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Demolition to begin next month at former Rome Cable site

Mac Bullock
Staff writer
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Posted 9/21/19

Members of the public trickled into South Rome Senior Center Wednesday night to hear from the Department of Environmental Conservation on the state’s plans at the former Rome Cable site. The site, …

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Demolition to begin next month at former Rome Cable site

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Members of the public trickled into South Rome Senior Center Wednesday night to hear from the Department of Environmental Conservation on the state’s plans at the former Rome Cable site.

The site, vacant for over 10 years, was named to the department’s “superfund” program in April and for being classified as “present(ing) a significant threat to public health and/or the environment.” Under the superfund program, the state will bear the full cost of demolition of the structure on South Jay and Henry streets and the site remediation that follows.

The department plans for work to begin in October, with a January completion date set for demolition work.

Remediation of toxins at the site should be completed in June, officials said.

As it stands, the site contains asbestos-impacted debris, polychlorinated biphenyls (PCBs), abandoned fuel storage tanks, impacted wood block flooring and other wastes, the department has noted. Soil on the site also contains “volatile organic compound(s)” that exceed state safety standards.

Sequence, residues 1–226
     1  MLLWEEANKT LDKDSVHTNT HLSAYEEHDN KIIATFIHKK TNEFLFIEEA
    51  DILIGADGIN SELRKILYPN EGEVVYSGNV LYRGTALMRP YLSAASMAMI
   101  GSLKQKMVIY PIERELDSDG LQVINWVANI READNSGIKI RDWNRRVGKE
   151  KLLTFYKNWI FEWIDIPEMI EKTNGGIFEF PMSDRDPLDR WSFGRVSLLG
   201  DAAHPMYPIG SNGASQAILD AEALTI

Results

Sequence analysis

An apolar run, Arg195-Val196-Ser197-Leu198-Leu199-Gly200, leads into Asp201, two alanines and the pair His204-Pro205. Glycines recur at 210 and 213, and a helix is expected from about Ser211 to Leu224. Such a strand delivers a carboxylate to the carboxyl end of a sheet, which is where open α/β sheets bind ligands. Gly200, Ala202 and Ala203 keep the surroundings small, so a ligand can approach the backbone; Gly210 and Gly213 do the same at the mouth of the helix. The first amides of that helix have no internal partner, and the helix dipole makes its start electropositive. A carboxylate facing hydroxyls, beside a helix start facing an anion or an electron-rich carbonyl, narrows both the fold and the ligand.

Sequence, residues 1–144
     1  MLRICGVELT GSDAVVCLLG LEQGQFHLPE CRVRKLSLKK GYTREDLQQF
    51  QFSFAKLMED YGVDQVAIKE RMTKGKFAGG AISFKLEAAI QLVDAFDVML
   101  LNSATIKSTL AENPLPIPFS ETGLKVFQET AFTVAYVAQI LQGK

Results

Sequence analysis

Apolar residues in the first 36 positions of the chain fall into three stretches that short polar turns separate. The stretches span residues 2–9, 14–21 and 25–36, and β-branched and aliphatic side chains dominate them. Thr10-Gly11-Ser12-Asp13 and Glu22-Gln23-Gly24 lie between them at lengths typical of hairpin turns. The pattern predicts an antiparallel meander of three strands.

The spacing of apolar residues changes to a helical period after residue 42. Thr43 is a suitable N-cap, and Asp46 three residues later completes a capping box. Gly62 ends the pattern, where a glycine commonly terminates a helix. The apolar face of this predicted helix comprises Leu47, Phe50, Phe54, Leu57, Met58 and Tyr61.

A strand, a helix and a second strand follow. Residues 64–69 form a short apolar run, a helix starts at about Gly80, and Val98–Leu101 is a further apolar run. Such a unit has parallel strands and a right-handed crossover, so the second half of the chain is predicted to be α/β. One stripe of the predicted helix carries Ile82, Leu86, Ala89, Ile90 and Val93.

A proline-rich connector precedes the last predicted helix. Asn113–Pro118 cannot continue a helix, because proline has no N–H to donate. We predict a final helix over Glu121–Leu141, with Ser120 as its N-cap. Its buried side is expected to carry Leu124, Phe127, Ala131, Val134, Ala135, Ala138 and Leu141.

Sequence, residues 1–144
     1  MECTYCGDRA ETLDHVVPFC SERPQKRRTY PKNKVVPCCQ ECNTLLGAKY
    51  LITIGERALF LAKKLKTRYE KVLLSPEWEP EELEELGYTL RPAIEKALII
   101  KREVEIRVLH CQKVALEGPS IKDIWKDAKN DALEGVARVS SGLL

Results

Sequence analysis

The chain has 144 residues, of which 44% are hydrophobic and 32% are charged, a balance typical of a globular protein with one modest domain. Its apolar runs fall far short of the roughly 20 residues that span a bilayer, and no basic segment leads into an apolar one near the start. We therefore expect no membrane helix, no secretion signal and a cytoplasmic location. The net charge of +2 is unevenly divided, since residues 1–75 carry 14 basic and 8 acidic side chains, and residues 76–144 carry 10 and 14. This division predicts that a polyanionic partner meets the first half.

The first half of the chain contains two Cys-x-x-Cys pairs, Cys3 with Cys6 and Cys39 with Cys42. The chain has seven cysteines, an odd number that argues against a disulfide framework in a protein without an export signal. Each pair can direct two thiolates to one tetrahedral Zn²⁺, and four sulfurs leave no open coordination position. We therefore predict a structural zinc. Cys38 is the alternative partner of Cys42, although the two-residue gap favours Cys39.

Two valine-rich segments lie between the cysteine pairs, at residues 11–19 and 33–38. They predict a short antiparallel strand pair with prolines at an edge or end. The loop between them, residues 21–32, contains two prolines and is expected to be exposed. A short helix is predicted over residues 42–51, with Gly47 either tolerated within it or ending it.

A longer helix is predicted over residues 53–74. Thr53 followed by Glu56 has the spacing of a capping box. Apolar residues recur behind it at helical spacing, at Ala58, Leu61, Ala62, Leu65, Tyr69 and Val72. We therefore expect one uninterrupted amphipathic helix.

After removal of existing structures, contaminated soil will be removed, officials said.

The department said it will mitigate dust and noise concerns of neighborhood residents by hosing down work sites, covering truck loads with tarps, and keeping the volume in compliance with city ordinances. Traffic will be controlled to keep streets open for residents, as well. Residents can also stay up to date on progress at the site by signing up for the email list at dec.ny.gov/chemical/61092.html.

The DEC cleanup is part of a larger plan for a south Rome industrial park.

Mayor Jacqueline M. Izzo has said the city would like to create “up to 200,000 square feet of manufacturing space” on the site, and that the part would meet the demand caused by “a real lack of industrial space throughout the county.”

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